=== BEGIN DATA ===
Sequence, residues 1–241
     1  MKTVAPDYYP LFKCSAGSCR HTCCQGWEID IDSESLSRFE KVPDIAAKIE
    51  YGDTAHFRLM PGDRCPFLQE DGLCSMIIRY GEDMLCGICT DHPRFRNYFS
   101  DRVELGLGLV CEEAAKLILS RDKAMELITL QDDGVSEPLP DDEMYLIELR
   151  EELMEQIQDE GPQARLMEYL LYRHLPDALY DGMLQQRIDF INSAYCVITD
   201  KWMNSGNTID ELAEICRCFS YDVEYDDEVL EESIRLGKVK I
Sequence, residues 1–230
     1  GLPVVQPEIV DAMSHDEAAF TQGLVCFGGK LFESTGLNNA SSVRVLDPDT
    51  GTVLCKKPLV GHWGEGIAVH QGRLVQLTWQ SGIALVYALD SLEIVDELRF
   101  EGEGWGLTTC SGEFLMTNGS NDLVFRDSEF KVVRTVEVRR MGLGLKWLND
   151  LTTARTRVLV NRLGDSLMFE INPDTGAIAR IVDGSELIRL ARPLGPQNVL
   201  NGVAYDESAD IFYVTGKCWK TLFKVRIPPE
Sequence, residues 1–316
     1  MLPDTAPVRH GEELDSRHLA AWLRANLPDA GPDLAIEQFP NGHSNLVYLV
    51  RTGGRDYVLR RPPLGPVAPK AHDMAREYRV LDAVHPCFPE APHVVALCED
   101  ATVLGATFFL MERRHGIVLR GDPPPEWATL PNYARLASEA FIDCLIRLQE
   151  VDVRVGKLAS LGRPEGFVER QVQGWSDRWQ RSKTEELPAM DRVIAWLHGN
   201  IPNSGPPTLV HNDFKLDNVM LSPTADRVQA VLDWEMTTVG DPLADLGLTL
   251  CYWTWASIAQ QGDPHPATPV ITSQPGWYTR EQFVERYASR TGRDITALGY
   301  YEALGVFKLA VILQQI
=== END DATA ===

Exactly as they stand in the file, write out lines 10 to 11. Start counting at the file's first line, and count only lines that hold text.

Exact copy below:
   101  EGEGWGLTTC SGEFLMTNGS NDLVFRDSEF KVVRTVEVRR MGLGLKWLND
   151  LTTARTRVLV NRLGDSLMFE INPDTGAIAR IVDGSELIRL ARPLGPQNVL